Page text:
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There is a big shortage of affordable urban housing in India, says Meraqi

Meraqi, RealtyMyths News Views Reviews

Since 2015, 51 lakh units have been approved under the PMAY scheme however only 8 lakh units have been completed, which translates to the achievement of only 4.3% of overall urban housing shortage;

Projects launches targeted at EWS by private developers remained negligible across the top 7 cities.

‘Housing For All by 2022: A Reality Check, a joint study released by Megalith Ventures and Meraqi, highlights the critical aspects of urban housing shortage in Indian cities in Economically Weaker Section (EWS) and Lower Income Group (LIG) segment, assesses the status of various Government announced initiatives and interventions and analyses the impact on ground in terms of private sector participation across the top 7 cities.

Housing Shortage in the urban areas is particularly high in Economically Weaker Sections (EWS) at 10 million units, followed by 7.4 million units in Lower Income Group (LIG). Until now, Central assistance to the tune of INR 13,583 Crore has been released and Interest subsidy of INR 1,859 Crore has been credited. Under the PMAY(U) scheme ( as per 8th July 2018 release by Ministry of Housing and Urban Poverty Alleviation, Government of India), 51 lakh units have been approved, 28 lakh units have been grounded and only 8 lakh units have been completed.

According to the report, in- spite of detailing out the Public Private Partnership model, the housing shortage in EWS has been only catered by the Urban Local Bodies and Parastatal Agencies. Most of the projects launched by the private developers across the major cities were focused on young, urban dwellers. Especially, in top 7 residential markets, developers have mostly focused on lowering the unit sizes to comply with the minimum unit area requirement or ensured 35% of the units in EWS category to avail the tax benefits and kept the base ticket price at INR 35 Lakhs within the eligibility range of housing loan limits under Private Sector Lending.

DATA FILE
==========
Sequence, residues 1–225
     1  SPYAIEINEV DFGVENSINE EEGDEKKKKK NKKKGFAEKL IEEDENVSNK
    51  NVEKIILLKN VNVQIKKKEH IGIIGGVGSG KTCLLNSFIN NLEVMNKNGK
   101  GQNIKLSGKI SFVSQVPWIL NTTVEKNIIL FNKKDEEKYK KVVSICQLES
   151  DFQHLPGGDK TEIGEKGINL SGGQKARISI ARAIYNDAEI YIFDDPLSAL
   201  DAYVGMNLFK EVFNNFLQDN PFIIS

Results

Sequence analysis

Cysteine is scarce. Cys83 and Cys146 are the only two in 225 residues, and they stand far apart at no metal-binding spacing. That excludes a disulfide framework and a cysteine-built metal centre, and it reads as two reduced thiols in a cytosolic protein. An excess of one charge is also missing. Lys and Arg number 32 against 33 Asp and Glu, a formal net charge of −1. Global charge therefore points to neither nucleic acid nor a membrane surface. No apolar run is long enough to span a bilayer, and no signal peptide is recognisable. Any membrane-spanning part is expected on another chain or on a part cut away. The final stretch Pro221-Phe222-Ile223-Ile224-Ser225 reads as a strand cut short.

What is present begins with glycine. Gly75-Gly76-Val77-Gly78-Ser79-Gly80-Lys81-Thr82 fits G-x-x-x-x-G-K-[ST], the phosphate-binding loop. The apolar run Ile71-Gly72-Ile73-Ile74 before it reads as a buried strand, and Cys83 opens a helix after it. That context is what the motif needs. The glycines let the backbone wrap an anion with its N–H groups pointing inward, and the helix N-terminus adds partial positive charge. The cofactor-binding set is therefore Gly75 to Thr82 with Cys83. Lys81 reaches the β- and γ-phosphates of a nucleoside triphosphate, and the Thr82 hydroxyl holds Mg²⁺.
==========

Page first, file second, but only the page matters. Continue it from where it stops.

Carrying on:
Explaining the reason behind the reluctance of private players entering EWS housing segment, Gorakh Jhunjhunwala, Managing Director, Meraqi says “the incentives announced by the Central Government are not sufficient trade-offs to allure private developers to Affordable Housing segment. Lack of suitable land parcels, high land cost in economic centres, rising construction costs and low profit margins are limiting private sector participation.”

Giving further insight into Bangalore’s residential market, Jhunjhunwala adds “In Bangalore city, private developers have launched only 10,384 units in less than 60 sqm carpet area and the base ticket prices are not less than INR 10 lacs. As there is no upper limit on the ticket prices for affordable housing, projects have been launched closer to economic hubs targeted at LIG and MIG segments. The primary reason being the inconsistency in affordable housing policies formulated by the State Government and the Central Government which is creating a major impediment in employing the benefits of GoI schemes. There has to be clarity on additional FAR, TDR & density norms as incentives for development of affordable housing projects.”